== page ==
Combining Well Care and Sick Care for Hepatitis C
There are two approaches (at least) to nearly every situation – and managing a liver condition like Hepatitis C is representative of this seeming duality. Despite the apparent opposition in maintaining your liver’s well-being versus killing the virus that is harming your liver, a strategy combining the two approaches ends up being most effective. Recognizing the difference between well care and sick care can help those practicing just one strategy to appreciate the value of blending the two together. By integrating well care and sick care into one comprehensive effort, those with Hepatitis C gain a clear health advantage.
According to a 2012 column published in the Eagle Tribune by Karen van Unen, president of the Massachusetts Public Health Association:
- 97 percent of our healthcare dollars are spent caring for people once they’ve become sick
- 3 percent of our healthcare dollars are spent to prevent diseases from developing in the first place
Naturopathic medicine, Ayuverdic medicine, Traditional Chinese Medicine, acupuncture, massage therapy, chiropractic, homeopathy, nutritional medicine and herbal medicine are all considered by most of society to be second-class when compared to modern Western medicine. This is because our current system of healthcare is centered on Western medicine – a field of applied science that primarily cares for people once they’ve already become sick.
Also known as conventional or allopathic medicine, the National Cancer Institute defines Western medicine as a system in which medical doctors and other healthcare professionals (such as nurses, pharmacists, and therapists) treat symptoms and diseases using drugs, radiation, or surgery. Although allopathic medicine is frequently a lifesaver, its emphasis on illness makes it a sick care system.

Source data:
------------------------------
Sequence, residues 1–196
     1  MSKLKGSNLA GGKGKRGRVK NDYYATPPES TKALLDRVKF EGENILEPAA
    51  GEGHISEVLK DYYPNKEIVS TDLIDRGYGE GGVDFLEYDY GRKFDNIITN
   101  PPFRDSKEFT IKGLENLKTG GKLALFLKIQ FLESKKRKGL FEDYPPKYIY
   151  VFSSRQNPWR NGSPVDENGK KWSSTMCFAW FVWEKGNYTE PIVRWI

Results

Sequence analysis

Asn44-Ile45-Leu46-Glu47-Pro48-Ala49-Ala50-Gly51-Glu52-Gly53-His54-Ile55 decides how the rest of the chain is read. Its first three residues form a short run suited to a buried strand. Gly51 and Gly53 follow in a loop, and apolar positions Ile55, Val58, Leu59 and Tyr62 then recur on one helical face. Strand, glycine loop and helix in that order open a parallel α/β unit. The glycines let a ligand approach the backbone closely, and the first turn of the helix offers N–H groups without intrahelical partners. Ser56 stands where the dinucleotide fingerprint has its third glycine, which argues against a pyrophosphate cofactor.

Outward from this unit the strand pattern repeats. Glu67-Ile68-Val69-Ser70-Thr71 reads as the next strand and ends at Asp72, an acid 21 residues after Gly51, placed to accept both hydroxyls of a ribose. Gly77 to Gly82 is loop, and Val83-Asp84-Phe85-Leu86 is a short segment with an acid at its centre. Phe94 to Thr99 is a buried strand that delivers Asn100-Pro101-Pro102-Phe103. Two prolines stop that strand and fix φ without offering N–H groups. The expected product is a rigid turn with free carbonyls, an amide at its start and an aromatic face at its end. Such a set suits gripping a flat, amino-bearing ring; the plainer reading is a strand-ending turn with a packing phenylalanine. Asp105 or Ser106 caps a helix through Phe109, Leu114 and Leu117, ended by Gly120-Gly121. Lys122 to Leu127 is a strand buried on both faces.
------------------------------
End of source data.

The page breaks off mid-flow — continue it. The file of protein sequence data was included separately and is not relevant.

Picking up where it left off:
Over the last half a century, a majority of Americans assumed that anything other than allopathic medicine was considered to be quackery. Through the scientific method, a process by which scientists construct a reliable, consistent and non-arbitrary representation of the human body, Western medical physicians were able to claim their practice as superior to alternative medical systems. If not able to be reliably and consistently scientifically proven, a healthcare method is deemed unworthy. Unfortunately, this process rarely takes into account individual nuances that are beyond the scope of Western medical evaluations.
Because the intention of a sick care system is solely aimed at detecting and removing illness, the success rate is relatively easy to determine; either the treatment succeeded or it failed. When it comes to addressing a Hepatitis C diagnosis, allopathic physicians are focused on killing the virus until it is completely eliminated from the person’s body. Currently, a duo or trio of potent medications constitutes Hepatitis C antiviral therapy. The inability to detect Hepatitis C viral material six months after the end of treatment is considered to be a successful outcome.
A relatively opposite approach to healthcare is one that focuses on wellness instead of disease. Most types of alternative medicine hold the ideal of maintaining health to prevent illness at its core. Many with Hepatitis C find the well care style to be primary in their quest for health. This is especially true of individuals who:
- Did not respond to conventional antiviral therapy.
- Experienced severe, disabling side effects from conventional antiviral therapy.